Participation of Twice Over is unlikely, as trainer's contention is that horses running from outside positions have no chance due to early first turn while running at Meydan Racecourse.
Sir Henry Cecil to skip Dubai World Cup over track issue
Sir Henry Cecil says he is unlikely to enter horses in the Dubai World Cup again if something is not done about what he perceives as a track bias against outside post positions at Meydan Racecourse.
His argument, which has been shared by others, is that the first turn in the 2,000-metre race comes so quickly that horses in the outside positions are at a competitive disadvantage.
Cecil, the trainer, has been a visitor to Dubai for the past two seasons to prepare Twice Over for the US$10 million (Dh36.7m) race. In March 2010, the six year old drew the 11th post position and finished 10th. This past March, Twice Over again started wide, in stall 12, and received a bump in the first turn and finished ninth.
"It is a marvellous race. I may contest it again one day, but Twice Over doesn't deserve that again," Cecil said. "The start must be further back before they get to the bend. Where I have been drawn I've got no chance at all. So I'm not going to prepare a horse for a race in which I've got no chance. That's it for the moment.
"You can't go with 14 runners and come to a bend. Drawn 14 you've got no chance. I thought I had him really well for last time."
Officials at Meydan were unavailable for comment on Thursday.
The Dubai World Cup starts and finishes in front of the grandstands. Once the gates open, the field runs a little more than 200m before the first sweeping left-hand turn. They then settle into the back straight before another left-hand turn takes them into the 400m finishing straight.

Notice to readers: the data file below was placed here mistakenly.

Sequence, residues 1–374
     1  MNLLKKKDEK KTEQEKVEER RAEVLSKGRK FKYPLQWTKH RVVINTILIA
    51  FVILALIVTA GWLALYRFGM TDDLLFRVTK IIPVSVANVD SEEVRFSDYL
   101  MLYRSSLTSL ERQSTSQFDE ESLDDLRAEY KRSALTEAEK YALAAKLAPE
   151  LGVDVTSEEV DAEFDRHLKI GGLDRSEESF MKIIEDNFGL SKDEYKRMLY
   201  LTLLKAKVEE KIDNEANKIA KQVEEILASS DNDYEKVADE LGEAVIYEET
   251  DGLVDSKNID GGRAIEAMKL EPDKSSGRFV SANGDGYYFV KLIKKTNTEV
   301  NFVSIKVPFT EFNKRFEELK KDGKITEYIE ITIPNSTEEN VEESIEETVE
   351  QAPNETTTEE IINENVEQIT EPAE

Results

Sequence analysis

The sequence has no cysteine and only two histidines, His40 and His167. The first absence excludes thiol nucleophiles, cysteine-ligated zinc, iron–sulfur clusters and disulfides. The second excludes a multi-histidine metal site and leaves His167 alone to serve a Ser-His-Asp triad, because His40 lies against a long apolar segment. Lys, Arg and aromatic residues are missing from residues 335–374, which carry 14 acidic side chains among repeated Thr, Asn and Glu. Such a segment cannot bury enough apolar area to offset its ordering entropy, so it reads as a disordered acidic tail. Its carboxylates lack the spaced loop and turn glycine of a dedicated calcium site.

On Saturday, Twice Over lines up beside stablemate Midday in the British Champion Stakes at Ascot. The pair finished first and second in the Juddmonte International at York in August and have been prepared with tomorrow's feature contest in mind ever since.
Cecil was also concerned about the draw for the 10 furlong race at Ascot, with 12 horses declared on Thursday including Godolphin's Casamento and Dubai Prince.
Ascot is a right-handed galloping track, which is essentially a testing triangle. The field must negotiate a sharp bend coming out of what is often referred to as "Swinley Bottom", before settling into the finishing straight.
"I think Saturday's race is going to be very much a draw race. I think it will be critical where you are drawn. If you are on the outside, you will be severely compromised. It could get messy going into Swinley Bottom and it won't be smooth for the jockeys," Cecil said.
"I adore Twice Over as a horse. He's got a lovely head and lovely eyes. When a horse has been with you for a long time you get very attached to them. It's the same as National Hunt. They become friends over time. He is much better as the year goes on.
"This is always the best time of the year for Twice Over and he is better than ever."
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